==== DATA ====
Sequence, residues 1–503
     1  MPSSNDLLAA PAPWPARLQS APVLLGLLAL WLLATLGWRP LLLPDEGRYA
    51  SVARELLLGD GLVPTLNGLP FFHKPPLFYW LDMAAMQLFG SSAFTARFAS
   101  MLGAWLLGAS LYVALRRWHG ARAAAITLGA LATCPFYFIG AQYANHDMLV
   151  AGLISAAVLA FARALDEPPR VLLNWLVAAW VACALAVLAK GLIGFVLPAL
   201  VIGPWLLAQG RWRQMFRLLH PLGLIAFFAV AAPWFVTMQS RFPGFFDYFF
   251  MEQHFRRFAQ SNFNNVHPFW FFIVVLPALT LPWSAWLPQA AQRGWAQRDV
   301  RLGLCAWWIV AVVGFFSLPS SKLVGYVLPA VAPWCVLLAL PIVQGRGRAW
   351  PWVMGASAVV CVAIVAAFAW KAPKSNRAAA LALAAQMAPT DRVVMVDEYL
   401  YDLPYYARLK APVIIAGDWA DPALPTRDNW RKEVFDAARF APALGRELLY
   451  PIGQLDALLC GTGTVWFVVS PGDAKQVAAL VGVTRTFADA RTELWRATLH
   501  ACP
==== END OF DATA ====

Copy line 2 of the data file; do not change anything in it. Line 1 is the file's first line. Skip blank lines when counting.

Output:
     1  MPSSNDLLAA PAPWPARLQS APVLLGLLAL WLLATLGWRP LLLPDEGRYA